But it is above all Saudi Arabia that appears as a constant preoccupation when it comes to sympathy outside of Afghanistan from which Osama bin Laden is benefiting. The DGSE reports explore his relations with businessmen and various organizations of that country. Some Saudi figures proclaimed their hostility to al-Qaeda but it is clear that this did not convince everyone. Pierre-Antoine Lorenzi remembers well the state of mind of the officials in French intelligence: "The DGSE found it very difficult to consider definitively that because he was at odds with them, there were no more relations with the Saudi monarchy. That was difficult to accept."

The Jul. 24, 2000, note mentions a payment of $4.5m to the al-Qaeda leader by the International Islamic Relief Organisation (IIRO), a structure placed directly under the control of the Muslim World League, which itself was considered to be the political tool of Saudi ulema. But it was not until Aug. 3, 2006, that IIRO offices appeared on the American Treasury Department's official list of organizations financing terrorism. During July 2000, two years after the Nairobi and Dar-es-Salaam attacks, the authors of this memo doubt the sincerity of the public positions of even bin Laden's family: "It seems more and more probable that Osama bin Laden had remained in contact with certain members of his family, even though the latter, which directs one of the world's most important construction groups, has officially denied it. One of his brothers is thought to be playing the role of intermediary in his professional contacts or in keeping up with his affairs." According to Mr. Lorenzi, these recurrent doubts, and more specifically the IIRO's ambivalence, are what led the DGSE to work with the French Foreign Ministry in 1999, when the latter proposed to the United Nations an international convention against the financing of terrorism.

Another French intelligence note, dated Sept. 13, 2001, and entitled "Basics on Osama bin Laden's Financial Resources," repeats these suspicions regarding the Saudi Ben Laden Group, the family empire. It also presents a powerful banker, formerly close to the royal family, as the historic architect of a banking arrangement that "seems to have been used to transfer funds coming from Gulf countries to the terrorist." A Sept. 13, 2001, annex to this note lists the assets which a priori are under the direct control of Osama bin Laden. Surprise -- in the middle of these structures known to have been run by the "Sheikh" in Sudan, Yemen, Malaysia, and Bosnia, there still figures, in 2001, a hotel situated in Mecca, in Saudi Arabia.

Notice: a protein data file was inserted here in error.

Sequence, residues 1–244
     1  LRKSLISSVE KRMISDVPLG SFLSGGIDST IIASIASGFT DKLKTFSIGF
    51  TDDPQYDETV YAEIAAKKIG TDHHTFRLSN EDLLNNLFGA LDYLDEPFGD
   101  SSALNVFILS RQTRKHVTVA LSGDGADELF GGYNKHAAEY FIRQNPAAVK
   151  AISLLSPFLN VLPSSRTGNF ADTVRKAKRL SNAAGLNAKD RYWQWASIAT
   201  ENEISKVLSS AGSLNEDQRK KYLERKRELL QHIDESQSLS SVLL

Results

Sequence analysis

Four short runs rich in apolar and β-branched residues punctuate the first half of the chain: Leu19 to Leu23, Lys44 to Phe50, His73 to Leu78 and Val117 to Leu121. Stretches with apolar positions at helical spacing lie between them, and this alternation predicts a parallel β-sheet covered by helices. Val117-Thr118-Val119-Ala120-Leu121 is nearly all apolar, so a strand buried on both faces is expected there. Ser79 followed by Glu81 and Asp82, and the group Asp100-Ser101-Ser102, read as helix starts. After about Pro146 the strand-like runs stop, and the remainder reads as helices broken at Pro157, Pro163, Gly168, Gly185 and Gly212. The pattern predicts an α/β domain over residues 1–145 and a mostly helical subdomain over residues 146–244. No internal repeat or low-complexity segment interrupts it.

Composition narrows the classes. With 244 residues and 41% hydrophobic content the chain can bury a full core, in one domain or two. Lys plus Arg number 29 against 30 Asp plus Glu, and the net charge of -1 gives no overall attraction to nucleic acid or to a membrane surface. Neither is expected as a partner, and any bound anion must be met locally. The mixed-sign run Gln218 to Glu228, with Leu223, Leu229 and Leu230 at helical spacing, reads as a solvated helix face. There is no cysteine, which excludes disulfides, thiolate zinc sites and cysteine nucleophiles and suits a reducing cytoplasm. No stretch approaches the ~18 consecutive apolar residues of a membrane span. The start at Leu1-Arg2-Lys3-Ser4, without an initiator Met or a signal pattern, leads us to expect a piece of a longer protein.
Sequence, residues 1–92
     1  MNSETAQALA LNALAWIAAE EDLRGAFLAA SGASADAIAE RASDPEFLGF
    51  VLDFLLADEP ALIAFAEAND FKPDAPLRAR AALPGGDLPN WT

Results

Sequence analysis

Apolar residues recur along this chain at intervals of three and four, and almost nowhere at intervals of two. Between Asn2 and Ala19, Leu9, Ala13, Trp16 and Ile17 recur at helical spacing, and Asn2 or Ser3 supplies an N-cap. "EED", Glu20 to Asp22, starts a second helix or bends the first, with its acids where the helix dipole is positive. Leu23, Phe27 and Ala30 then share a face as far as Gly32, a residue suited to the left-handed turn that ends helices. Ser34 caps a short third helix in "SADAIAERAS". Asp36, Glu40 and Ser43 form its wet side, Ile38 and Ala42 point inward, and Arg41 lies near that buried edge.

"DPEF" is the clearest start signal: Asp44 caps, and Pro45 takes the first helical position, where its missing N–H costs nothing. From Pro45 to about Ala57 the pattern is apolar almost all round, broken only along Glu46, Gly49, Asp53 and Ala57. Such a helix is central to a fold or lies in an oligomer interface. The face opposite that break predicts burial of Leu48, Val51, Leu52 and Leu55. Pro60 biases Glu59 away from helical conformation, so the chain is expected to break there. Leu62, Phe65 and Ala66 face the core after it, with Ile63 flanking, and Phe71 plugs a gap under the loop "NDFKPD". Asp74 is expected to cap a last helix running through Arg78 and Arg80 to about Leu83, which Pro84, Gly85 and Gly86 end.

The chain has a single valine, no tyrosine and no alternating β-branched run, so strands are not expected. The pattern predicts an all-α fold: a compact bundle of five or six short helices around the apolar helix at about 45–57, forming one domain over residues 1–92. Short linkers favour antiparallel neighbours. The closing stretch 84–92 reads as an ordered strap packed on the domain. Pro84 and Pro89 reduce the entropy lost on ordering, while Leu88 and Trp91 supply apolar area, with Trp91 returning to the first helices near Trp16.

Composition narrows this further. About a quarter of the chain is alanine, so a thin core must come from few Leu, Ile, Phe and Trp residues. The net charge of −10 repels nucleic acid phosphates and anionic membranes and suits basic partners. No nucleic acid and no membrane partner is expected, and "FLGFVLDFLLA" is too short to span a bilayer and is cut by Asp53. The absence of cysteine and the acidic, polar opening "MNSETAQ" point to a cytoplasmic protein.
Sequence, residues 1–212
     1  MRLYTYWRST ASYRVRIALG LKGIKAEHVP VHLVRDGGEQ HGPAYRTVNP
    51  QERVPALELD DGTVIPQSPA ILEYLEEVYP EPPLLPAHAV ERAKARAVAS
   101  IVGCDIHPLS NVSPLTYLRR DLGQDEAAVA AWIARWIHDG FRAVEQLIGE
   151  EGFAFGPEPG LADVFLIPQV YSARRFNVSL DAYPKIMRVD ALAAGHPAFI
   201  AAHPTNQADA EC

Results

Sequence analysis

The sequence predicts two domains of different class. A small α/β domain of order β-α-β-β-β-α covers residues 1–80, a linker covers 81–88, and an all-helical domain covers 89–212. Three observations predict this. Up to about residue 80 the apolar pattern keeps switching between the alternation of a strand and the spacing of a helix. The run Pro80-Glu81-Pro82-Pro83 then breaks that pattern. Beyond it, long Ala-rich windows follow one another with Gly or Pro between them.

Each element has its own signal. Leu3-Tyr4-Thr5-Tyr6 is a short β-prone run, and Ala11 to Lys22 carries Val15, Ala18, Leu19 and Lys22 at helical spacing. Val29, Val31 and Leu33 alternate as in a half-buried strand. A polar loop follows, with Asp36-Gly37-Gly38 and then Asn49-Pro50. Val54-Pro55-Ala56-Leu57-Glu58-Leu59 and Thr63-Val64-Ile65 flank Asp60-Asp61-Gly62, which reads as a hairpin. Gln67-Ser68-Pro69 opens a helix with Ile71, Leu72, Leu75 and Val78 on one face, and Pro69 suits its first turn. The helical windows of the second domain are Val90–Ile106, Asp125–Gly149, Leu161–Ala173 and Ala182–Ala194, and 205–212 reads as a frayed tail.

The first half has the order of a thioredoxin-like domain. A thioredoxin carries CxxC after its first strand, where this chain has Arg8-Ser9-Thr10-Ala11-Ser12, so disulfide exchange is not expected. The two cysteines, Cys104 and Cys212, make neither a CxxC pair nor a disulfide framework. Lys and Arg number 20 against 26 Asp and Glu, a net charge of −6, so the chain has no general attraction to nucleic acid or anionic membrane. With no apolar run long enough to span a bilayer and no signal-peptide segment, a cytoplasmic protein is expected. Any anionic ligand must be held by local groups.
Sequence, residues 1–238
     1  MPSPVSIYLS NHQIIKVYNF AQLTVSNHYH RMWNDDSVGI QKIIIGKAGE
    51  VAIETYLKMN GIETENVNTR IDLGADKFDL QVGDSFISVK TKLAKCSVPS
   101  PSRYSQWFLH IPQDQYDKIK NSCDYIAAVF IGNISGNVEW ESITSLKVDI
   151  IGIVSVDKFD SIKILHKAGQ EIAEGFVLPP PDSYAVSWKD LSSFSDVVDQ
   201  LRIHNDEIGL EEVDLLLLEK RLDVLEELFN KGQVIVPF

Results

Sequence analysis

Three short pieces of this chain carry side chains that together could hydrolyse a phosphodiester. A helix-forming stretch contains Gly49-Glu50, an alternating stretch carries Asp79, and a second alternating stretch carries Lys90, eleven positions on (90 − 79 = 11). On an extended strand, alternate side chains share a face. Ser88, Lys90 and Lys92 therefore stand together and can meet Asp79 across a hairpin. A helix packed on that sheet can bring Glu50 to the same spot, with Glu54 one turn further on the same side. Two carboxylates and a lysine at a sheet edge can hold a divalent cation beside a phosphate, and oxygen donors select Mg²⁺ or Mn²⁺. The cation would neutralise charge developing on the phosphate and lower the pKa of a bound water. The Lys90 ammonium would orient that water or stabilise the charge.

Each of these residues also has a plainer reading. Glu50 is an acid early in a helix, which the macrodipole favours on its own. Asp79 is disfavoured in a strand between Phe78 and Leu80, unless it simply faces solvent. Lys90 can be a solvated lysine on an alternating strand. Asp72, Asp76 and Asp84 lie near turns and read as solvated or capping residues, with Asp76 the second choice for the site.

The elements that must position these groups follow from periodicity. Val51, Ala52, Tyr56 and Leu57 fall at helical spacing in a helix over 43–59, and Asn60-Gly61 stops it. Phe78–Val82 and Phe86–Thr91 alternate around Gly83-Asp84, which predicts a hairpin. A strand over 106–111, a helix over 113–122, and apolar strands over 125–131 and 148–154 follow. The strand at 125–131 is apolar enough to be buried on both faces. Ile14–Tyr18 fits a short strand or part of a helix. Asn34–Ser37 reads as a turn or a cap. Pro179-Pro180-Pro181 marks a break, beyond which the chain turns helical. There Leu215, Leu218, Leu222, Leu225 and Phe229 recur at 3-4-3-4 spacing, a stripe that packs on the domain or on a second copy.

Alain Chouet expresses a genuine skepticism regarding the will of Rihadh authorities to apprehend Osama bin Laden before September 11: "His loss of Saudi nationality is a piece of slapstick comedy . . . . To my knowledge, no one did anything to capture him between 1998 and 2001." As this note of Oct. 2, 2001, testifies -- "The Departure of Prince Turki al-Faisal, Head of Saudi Intelligence: A Political Eviction" -- which reveals what was behind the spectacular dismissal just before September 11. The authors emphasize "the limits of Saudi influence in Afghanistan . . . On Prince Turki's recent trips to Kandahar, he failed to convince his interlocutors to extradite Osama bin Laden."

And six years later? In a lengthy DGSE report that we were able to consult, entitled "Saudi Arabia, a Kingdom in Peril?" and dated Jun. 6, 2005, French agents draw up a rather positive balance sheet of the Saudi regime's initiatives against al-Qaeda. But some paragraphs betray persistent fears. French intelligence still fears the inclinations of a few Saudi doctors of the faith for holy war.

Translated by Mark K. Jensen
Associate Professor of French
Department of Languages and Literatures
Pacific Lutheran University
Tacoma, WA 98447-0003
Phone: 253-535-7519
Web page: http://www.plu.edu/~jensenmk/